Food and Drink
Finnish food is a mix of Western and Eastern influences, with Scandinavian-style fish specialities and exotic meats such as reindeer and elk alongside dishes that bear a Russian stamp – pastries, and casseroles strong on cabbage and pork. Also keep an eye out for karjalan piirakka – oval-shaped pastries containing rice and mashed potato, served hot with a mixture of finely chopped hard-boiled egg and butter. Kalakukko is another inexpensive delicacy, if an acquired one: a chunk of bread with pork and whitefish baked inside it; it’s legendary around Kuopio but available almost everywhere. Slightly cheaper but just as filling, lihapiirakka are envelopes of sweet pastry filled with rice and meat – ask for them with mustard (sinappi) and/or ketchup (ketsuppi). Don’t pass over a chance to try a heart bowl of Don’t pass over a chance to try a hearty bowl of lohikeitto (creamy salmon and potato soup) either.
Breakfasts (aamiainen) in hotels usually consist of a buffet of herring, eggs, cereals, cheese, salami and bread, while you can lunch on the economical snacks sold in market halls (kauppahalli) or adjoining cafés. Most train stations and some bus stations and supermarkets also have cafeterias offering a selection of snacks, greasy nibbles and light meals, and street stands (grillis) turn out burgers and hot dogs for around €3. Otherwise, campus mensas are the cheapest places to grab a hot meal (€5 or less); theoretically, you have to be a student, but you’re only asked for ID occasionally. In regular restaurants or ravintola, lunch (lounas) deals are good value, with many places offering a lunchtime buffet table (voileipäpöytä or seisovapöytä) stacked with a choice of traditional goodies for a set price of around €12. Pizzerias are another good bet, serving lunch specials for €7–10. For evening meals, cheap eats come in the form of pizzerias, along with, in bigger cities, Chinese, Thai or Nepalese. Authentic Finnish cuisine is invariably pricier.
Finns are the world’s biggest coffee consumers, knocking back an average 12kg per person annually: cafes fuel the trend and generally open 8am to 6pm. Most restaurants are fully licensed, and are often frequented more for drinking than eating. Bars are usually open till midnight or 1am (and clubs until 2am or 3am) and service stops half an hour before closing. You have to be 18 to buy beer and wine, 20 to buy spirits, and some places have an age limit of 24. The main – and cheapest – outlets for takeaway alcohol are the ubiquitous government-run Alko shops (Mon-Fri 9am–8pm, Sat 9am–6pm).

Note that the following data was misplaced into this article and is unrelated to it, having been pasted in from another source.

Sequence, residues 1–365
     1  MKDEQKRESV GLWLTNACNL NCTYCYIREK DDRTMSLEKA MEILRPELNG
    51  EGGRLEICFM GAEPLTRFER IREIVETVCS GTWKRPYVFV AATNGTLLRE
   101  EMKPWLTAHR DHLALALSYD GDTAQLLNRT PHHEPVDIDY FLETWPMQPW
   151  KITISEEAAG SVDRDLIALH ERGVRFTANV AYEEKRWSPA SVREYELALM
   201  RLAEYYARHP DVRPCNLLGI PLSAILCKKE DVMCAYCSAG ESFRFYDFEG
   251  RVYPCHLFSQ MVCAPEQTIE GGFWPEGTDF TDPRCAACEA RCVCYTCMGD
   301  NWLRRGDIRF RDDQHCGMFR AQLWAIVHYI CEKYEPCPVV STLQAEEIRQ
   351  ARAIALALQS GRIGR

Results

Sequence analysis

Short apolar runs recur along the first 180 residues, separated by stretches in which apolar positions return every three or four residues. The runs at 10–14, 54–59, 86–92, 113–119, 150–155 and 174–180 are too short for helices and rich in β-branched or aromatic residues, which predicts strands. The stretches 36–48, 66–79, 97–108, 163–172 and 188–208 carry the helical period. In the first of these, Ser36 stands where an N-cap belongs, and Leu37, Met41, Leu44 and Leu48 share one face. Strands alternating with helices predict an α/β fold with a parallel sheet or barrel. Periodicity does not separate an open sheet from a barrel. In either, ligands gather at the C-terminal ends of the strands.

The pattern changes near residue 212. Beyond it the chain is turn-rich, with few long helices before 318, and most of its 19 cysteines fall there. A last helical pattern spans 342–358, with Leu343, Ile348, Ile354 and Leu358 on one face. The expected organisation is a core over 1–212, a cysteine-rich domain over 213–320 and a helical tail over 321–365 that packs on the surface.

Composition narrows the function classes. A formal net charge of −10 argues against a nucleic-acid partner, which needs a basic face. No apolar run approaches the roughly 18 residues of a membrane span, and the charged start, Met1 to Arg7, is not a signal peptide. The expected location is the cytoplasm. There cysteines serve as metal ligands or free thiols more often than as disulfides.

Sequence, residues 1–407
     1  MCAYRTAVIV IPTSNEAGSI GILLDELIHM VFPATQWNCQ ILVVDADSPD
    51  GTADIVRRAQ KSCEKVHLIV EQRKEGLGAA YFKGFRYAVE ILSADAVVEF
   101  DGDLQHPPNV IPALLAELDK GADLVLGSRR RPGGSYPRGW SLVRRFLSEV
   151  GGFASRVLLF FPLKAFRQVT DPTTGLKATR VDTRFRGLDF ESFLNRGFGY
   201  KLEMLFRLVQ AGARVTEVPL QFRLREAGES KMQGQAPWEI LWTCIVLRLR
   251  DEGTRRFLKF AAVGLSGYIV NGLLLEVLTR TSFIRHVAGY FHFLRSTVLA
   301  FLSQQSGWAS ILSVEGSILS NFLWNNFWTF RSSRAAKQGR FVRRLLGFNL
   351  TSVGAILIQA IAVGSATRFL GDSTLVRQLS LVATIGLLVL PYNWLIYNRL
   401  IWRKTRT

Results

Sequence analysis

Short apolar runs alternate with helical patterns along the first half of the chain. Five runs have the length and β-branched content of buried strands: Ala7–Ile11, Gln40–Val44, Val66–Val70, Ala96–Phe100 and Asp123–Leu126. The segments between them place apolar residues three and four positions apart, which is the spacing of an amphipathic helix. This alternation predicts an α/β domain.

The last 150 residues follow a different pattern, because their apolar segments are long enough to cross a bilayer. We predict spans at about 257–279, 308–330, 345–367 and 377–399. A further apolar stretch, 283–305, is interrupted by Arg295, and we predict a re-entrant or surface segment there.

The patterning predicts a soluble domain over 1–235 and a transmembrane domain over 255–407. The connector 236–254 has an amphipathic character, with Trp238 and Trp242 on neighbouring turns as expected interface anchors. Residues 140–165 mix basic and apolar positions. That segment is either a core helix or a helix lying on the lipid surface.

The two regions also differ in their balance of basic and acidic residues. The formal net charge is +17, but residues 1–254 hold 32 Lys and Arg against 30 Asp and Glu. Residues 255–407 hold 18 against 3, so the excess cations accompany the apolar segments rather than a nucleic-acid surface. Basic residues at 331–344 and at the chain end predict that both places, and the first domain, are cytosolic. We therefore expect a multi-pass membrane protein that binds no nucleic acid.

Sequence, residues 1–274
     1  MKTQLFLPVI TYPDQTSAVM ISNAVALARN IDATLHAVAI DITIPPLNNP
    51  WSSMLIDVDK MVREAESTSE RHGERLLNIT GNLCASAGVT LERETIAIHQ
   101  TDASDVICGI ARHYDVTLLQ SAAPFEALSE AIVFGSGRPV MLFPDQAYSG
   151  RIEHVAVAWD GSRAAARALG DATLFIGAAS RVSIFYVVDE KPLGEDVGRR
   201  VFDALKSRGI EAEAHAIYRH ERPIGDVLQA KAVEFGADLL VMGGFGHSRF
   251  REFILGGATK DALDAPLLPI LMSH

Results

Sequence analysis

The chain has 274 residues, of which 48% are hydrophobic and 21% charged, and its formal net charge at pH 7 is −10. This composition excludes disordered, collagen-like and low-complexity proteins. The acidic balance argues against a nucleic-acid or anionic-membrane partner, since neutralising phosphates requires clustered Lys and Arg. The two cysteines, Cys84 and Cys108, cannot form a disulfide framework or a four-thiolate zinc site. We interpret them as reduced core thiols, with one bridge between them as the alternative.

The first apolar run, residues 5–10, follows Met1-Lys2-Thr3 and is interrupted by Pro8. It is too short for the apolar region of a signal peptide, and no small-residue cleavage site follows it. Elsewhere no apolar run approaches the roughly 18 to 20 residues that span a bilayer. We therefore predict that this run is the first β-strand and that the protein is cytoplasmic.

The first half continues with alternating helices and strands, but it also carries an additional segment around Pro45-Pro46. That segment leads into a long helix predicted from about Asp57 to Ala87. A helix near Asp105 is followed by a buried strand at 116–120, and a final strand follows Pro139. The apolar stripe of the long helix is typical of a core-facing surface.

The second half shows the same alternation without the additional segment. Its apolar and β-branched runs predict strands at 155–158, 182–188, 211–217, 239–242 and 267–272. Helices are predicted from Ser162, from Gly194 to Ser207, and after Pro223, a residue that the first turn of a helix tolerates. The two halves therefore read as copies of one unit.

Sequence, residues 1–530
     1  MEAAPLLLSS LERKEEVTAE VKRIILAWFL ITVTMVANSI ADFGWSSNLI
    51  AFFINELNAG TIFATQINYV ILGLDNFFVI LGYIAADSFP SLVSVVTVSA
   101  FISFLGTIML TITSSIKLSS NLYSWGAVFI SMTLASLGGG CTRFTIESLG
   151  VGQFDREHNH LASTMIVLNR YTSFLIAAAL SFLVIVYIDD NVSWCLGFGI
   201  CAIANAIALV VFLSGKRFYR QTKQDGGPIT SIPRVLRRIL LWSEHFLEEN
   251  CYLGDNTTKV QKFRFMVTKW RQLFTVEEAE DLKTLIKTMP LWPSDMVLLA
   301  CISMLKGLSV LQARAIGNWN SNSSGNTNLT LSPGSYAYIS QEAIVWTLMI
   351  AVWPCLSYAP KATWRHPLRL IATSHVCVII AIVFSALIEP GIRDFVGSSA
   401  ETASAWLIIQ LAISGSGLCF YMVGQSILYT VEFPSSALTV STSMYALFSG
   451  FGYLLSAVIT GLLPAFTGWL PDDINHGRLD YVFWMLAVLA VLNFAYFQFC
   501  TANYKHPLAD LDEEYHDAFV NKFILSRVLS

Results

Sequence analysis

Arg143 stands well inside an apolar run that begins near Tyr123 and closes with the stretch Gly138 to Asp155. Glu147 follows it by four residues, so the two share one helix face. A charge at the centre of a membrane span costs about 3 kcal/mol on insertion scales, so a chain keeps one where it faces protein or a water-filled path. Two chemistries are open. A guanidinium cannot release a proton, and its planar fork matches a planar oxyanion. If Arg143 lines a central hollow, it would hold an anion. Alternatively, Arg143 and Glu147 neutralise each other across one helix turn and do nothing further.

Beer (olut) falls into three categories: “light beer” (I-Olut), like a soft drink; “medium strength beer” (keskiolut; III-Olut), perceptibly alcoholic, sold in supermarkets and cafés; and “strong beer” (A-Olut or IV-Olut), on a par with the stronger European beers, and only available at licensed restaurants, clubs and ALKO shops. Strong beers, such as Lapin Kulta and Koff, cost about €1.30 per 300ml bottle at a shop or kiosk. Imported beers go for €3 per can. Finlandia vodka is €20 for a 700ml bottle; Koskenkorva, a rougher vodka, is €15. You’ll also find Finns knocking back salmiakki, a premixed vodka/liquorice cocktail which looks, smells and tastes like cough medicine, and fisu, another inexplicably popular drink that blends Fisherman’s Friend lozenges with Koskenkorva.
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